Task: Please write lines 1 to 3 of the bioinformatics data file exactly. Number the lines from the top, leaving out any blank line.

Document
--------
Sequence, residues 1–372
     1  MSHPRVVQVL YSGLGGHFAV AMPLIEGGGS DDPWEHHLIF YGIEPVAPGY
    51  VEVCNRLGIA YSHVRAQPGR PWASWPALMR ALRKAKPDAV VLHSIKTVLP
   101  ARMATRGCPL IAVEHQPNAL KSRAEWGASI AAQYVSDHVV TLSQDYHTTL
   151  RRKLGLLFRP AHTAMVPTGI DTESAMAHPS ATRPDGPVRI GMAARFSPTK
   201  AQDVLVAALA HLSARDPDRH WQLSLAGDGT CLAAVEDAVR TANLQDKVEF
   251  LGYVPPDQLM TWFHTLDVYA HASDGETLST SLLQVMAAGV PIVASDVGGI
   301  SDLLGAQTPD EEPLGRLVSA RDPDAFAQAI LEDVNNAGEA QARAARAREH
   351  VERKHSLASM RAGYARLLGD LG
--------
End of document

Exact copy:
Sequence, residues 1–372
     1  MSHPRVVQVL YSGLGGHFAV AMPLIEGGGS DDPWEHHLIF YGIEPVAPGY
    51  VEVCNRLGIA YSHVRAQPGR PWASWPALMR ALRKAKPDAV VLHSIKTVLP